“We will also be required to pay out close to $100,000 in termination pay to these employees, given we have been providing these services for many years. Even if we were to be successful in an RFP for the Central Elgin portion of EarlyON, we would not require the same number of staff members currently employed, therefore these layoffs are inevitable.”
Let’s look further at the lack of consultation apparent in this decision.

“We are disappointed in the lack of communication, and that our employees found out about this as it went to council. This is not the way we typically share devastating news with our valued employees.”

“The employees were devastated with the news. They have worked tirelessly to develop strong, trusting relationships with families and community partners throughout Elgin county. And they clearly cannot understand what motivated this decision, nor can we.
“They fail to see the benefits of going from one long term provider to 3, and given the lack of consultation with us, we were unable to provide any explanation.”
Connolly continues, “We would have expected, at a minimum, to have been given notice of this pending change given our many years of providing this service to the Elgin community. Or better yet, to have been engaged in a dialogue about changes staff were considering.
“We are disappointed in the lack of communication, and that our employees found out about this as it went to council. This is not the way we typically share devastating news with our valued employees.
“And we have still to receive formal notice of contract termination from the staff at the city. We read the outcome in the council minutes.”
Connolly is asking the city for a response to the letter.
“Specifically, what motivated this proposal presented to council; what benefits are you anticipating; and what community consultation occurred to support this change, as Community Living Elgin was not included in any such consultation.”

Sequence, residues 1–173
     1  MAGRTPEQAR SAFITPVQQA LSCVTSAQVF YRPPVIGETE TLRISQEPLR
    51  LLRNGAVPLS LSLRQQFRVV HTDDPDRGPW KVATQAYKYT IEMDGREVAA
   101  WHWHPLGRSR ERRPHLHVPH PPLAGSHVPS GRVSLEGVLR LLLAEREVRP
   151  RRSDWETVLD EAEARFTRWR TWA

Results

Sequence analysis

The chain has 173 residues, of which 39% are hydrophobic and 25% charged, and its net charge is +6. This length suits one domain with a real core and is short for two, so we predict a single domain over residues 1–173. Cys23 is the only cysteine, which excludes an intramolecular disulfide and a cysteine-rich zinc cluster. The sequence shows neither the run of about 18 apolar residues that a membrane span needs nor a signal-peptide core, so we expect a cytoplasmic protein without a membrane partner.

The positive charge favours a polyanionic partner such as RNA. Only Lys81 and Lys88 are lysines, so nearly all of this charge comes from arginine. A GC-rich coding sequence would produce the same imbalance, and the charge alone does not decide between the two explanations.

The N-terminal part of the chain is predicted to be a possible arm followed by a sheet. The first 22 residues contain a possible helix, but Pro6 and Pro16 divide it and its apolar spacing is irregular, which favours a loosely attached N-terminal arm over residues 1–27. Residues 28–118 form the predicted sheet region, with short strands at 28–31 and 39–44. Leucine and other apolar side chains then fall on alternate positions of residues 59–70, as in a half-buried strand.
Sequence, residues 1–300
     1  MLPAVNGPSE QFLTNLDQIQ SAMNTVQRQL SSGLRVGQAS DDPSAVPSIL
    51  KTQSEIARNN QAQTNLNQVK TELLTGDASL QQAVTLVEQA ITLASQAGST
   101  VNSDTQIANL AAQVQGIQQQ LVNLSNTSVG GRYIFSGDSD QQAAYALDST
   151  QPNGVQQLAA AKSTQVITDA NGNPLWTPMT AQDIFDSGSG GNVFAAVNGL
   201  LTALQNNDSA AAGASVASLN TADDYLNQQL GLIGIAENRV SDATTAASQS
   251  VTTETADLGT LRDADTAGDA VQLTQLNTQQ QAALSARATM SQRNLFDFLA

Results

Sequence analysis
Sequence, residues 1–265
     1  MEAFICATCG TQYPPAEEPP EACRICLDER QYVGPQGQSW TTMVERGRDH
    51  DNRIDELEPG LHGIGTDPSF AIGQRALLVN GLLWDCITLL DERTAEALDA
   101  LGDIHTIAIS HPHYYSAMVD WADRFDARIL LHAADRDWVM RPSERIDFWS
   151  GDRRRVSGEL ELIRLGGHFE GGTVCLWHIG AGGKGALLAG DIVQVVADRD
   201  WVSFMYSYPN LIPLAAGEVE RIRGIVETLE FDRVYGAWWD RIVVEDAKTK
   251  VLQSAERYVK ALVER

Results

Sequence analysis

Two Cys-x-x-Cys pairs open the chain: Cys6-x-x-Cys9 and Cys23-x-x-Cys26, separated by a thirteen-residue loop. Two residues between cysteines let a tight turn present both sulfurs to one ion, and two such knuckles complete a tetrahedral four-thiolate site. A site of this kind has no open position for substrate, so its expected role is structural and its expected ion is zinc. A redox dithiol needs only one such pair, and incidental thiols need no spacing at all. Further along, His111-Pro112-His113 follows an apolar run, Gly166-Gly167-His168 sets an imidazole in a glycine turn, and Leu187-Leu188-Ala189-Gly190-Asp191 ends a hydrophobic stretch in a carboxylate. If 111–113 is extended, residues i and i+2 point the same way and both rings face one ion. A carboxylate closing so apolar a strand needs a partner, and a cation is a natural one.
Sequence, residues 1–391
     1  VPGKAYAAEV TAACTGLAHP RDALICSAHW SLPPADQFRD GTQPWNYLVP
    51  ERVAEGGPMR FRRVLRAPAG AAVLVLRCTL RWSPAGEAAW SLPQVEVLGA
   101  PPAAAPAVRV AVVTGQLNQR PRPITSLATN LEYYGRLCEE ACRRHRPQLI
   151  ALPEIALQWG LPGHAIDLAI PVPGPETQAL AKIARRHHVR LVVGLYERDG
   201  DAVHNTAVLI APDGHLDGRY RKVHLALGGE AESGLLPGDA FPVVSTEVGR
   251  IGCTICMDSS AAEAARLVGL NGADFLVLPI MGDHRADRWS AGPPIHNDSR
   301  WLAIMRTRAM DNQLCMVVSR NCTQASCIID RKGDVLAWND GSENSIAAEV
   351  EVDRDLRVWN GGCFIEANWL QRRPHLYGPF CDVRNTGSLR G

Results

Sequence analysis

So, in those 38 seconds, 251 collective years of experience working in the Early Years program appear to be gone.
With no notice of pending changes.


Clarification: In communication with Loretta Gibbons today (Oct. 11), she confirms her brother and his wife still reside at Lakeside Terrace. She adds, “Everything that is going on there today is affecting them.”

To follow up on last week’s item on Vishal Chityal and Lakeside Terrace in Port Colborne, we have been in contact with Loretta Gibbons of Calgary, whose brother and wife had been residents of that facility.
They were paying $1,000 per month each to share a bedbug-infested room with food she describes as so deplorable, “I called Meals on Wheels and they delivered lunch for them. Of course, this is not sustainable as it is $17 for two lunches every time they come.”
She lists a litany of other horrors including a cigarette deal, bank card request, accusations of elder abuse, threats of eviction and the need to call authorities.
Her calls included several to Jeff Burch, NDP MPP for Niagara Centre who, last December, introduced a private member’s bill to regulate supportive living homes like Lakeside Terrace and Walnut Manor here in St. Thomas.
Both homes operated by Chityal.
Well, Gibbons responded this week to the comments in the Legislature from Jeremy Roberts, Parliamentary Assistant to the Minister of Children, Community and Social Services.
If you remember, this column remarked those comments were a classic example of obfuscation.